The brief was to create a modern Sports Prototype inspired by some of the most iconic models in Ferrari’s history, such as the 330 P3/P4 and Dino 206 S of the 1960s. Although conceived as track cars, their influence extended far beyond the racing circuit, inspiring a whole series of dramatically elegant road-going Ferraris.
FULL DISCLOSURE THE TEXT BELOW IS TAKEN VERBATIM FROM THE FERRARI PRESS RELEASE AS I AM STRAPPED FOR TIME
The P80/C project had the longest development period of any Ferrari one-off to date, work on it having started way back in 2015. Why was such a long time needed? Because the team made such a huge investment in research, both in terms of design and engineering. Every element of performance and aerodynamics was meticulously analysed, in a process that distinguishes this car from previous Ferrari one-offs.
This is a track only creation where peak performance is a major factor. This not only inspired the design team in terms of styling but also led them to select the Ferrari 488 GT3 as its basis. Not only does this racing legend have extremely high performance, but it also has a longer wheelbase (50mm over the 488 GTB), which gave the design team an extra creative dimension.
A striking wedge shape dominates the view of the car’s side at the front end. The curving, muscular shapes of the wings are emphasised by ‘buttresses’ that merge into the side air intakes feeding the engine, conveying the impression that the cabin is fused as one with the body. The front end is also cleverly separated, visually speaking, from the rear section.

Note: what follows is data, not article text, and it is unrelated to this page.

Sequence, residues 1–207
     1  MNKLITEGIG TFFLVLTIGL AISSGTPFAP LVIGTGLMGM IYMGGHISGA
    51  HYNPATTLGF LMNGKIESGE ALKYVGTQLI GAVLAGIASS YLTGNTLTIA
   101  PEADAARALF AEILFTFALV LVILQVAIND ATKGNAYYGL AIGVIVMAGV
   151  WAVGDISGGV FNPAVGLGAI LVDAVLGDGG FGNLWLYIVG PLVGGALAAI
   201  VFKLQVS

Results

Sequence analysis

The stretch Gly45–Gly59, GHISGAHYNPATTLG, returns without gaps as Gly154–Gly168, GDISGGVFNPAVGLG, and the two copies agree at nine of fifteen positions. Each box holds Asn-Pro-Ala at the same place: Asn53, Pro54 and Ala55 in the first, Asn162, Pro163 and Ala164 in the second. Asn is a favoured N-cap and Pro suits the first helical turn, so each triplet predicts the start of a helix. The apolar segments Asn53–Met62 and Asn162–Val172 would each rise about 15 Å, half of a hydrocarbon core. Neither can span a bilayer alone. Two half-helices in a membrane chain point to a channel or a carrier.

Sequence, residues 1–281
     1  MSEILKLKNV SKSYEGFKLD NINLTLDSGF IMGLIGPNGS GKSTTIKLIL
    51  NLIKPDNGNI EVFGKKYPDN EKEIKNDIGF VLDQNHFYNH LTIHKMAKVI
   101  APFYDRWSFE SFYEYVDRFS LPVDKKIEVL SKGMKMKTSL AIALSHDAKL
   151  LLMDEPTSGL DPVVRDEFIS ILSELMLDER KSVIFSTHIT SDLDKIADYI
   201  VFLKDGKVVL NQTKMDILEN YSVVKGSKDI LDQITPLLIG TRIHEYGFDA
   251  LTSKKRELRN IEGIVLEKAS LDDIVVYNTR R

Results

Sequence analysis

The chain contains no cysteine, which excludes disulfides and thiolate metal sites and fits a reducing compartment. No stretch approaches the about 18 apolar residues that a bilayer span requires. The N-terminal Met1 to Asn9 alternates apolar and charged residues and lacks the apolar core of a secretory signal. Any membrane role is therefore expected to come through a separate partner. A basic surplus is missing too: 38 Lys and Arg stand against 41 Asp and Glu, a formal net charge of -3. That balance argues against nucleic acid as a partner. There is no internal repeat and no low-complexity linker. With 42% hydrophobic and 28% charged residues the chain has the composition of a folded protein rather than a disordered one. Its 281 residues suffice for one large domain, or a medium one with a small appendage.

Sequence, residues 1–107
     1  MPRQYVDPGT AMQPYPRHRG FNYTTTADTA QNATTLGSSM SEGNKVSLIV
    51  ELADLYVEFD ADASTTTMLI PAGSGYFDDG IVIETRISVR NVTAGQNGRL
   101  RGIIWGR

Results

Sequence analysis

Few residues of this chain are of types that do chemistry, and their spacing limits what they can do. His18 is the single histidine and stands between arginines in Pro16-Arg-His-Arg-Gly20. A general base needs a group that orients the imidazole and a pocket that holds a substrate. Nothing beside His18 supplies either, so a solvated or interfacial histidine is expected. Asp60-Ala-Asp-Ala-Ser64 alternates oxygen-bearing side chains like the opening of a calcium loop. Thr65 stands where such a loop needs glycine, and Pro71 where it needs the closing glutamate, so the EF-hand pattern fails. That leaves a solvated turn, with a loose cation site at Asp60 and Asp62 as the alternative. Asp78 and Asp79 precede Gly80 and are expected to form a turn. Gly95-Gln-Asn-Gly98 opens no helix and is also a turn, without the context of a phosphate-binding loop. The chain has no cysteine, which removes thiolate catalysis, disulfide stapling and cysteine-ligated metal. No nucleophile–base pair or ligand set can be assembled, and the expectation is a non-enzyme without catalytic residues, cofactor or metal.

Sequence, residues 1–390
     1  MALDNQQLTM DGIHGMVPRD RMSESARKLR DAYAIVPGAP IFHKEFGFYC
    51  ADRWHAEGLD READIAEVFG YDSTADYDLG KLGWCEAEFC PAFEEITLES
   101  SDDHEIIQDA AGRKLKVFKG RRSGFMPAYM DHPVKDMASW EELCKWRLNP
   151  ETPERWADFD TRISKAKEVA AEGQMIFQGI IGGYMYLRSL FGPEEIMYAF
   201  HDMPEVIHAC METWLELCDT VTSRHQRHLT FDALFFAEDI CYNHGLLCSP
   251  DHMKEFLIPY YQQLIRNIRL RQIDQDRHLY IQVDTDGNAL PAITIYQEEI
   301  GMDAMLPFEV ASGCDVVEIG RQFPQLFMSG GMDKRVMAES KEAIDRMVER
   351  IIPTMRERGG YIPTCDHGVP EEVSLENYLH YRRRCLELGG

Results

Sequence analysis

The tinted wraparound windscreen clearly references Ferrari’s iconic Sports Prototypes of the past, while the flying buttresses converging towards the roof seem to make the glasshouse resemble a racing driver’s helmet visor. Since the P80/C is intended for track use only, its designers had the freedom to dispense with items that are essential in a road car.
For instance, the headlights have effectively disappeared – in fact, they’ve been reduced to simple slits that recall the air intakes in the grille of the 330 P3/P4. The same touch recurs at the back of the car: the rear spoiler – which is extremely broad to maximise its aerodynamic performance – incorporates two tail-lights that seem to look like air vents, perfectly reflecting the front design.
The rear end’s ‘catamaran’ style architecture means there is almost no rear bodywork, allowing the car’s running gear to be fully visible. There’s a simple grille to help take heat away from the engine bay, plus a prominent rear diffuser that almost seems to ‘float’ at the back.
Meanwhile, the concave engine cover with its aluminium louvres represents another clear reference to the Ferrari 330 P3/P4. The P80/C is made entirely from carbon-fibre, which is left bare wherever the parts have a purely technical function.
In contrast, the main bodywork is painted in a bright red called Rosso Vero – a name chosen by the client, proving that his loyalty to the Ferrari Sports Prototype tradition extends to colour, too.5